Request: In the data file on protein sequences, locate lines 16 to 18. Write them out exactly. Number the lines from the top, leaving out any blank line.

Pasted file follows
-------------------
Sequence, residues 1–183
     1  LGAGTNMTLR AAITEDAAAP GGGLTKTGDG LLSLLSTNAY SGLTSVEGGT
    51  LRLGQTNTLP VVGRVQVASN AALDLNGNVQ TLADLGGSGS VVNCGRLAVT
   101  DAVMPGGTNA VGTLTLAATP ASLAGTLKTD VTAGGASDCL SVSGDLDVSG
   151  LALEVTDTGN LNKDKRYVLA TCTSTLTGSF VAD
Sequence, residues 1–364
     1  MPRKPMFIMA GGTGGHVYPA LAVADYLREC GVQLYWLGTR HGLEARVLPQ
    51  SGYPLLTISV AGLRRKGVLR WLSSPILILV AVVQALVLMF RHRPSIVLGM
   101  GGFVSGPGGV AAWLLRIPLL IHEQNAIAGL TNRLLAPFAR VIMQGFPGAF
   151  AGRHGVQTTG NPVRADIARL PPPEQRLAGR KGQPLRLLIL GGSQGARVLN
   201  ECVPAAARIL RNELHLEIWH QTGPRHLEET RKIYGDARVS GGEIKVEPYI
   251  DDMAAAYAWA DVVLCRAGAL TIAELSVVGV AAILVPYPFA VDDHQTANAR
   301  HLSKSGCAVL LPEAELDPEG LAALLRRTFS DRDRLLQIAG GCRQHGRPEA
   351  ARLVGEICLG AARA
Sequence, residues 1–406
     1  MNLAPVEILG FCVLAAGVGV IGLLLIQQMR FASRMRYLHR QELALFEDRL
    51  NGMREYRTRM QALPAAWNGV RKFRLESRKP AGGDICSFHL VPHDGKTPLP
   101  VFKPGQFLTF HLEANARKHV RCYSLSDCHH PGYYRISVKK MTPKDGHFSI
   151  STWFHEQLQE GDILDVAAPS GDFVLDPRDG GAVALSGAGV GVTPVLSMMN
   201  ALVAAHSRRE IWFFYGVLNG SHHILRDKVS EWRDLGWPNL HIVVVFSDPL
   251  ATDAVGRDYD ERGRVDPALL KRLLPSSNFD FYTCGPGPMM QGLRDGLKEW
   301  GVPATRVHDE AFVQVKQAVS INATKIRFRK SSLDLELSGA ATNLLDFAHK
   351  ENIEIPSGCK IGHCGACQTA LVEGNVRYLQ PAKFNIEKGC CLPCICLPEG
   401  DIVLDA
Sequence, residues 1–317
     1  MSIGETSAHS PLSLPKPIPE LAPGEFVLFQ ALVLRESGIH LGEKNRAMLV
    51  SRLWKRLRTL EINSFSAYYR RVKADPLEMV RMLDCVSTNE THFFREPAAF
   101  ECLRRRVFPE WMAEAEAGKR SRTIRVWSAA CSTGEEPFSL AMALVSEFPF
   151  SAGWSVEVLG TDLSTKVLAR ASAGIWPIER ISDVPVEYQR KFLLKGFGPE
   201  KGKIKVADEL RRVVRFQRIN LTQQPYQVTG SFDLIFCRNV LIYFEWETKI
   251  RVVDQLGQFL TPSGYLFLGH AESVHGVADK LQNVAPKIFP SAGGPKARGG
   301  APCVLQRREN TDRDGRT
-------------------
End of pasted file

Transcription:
     1  MNLAPVEILG FCVLAAGVGV IGLLLIQQMR FASRMRYLHR QELALFEDRL
    51  NGMREYRTRM QALPAAWNGV RKFRLESRKP AGGDICSFHL VPHDGKTPLP
   101  VFKPGQFLTF HLEANARKHV RCYSLSDCHH PGYYRISVKK MTPKDGHFSI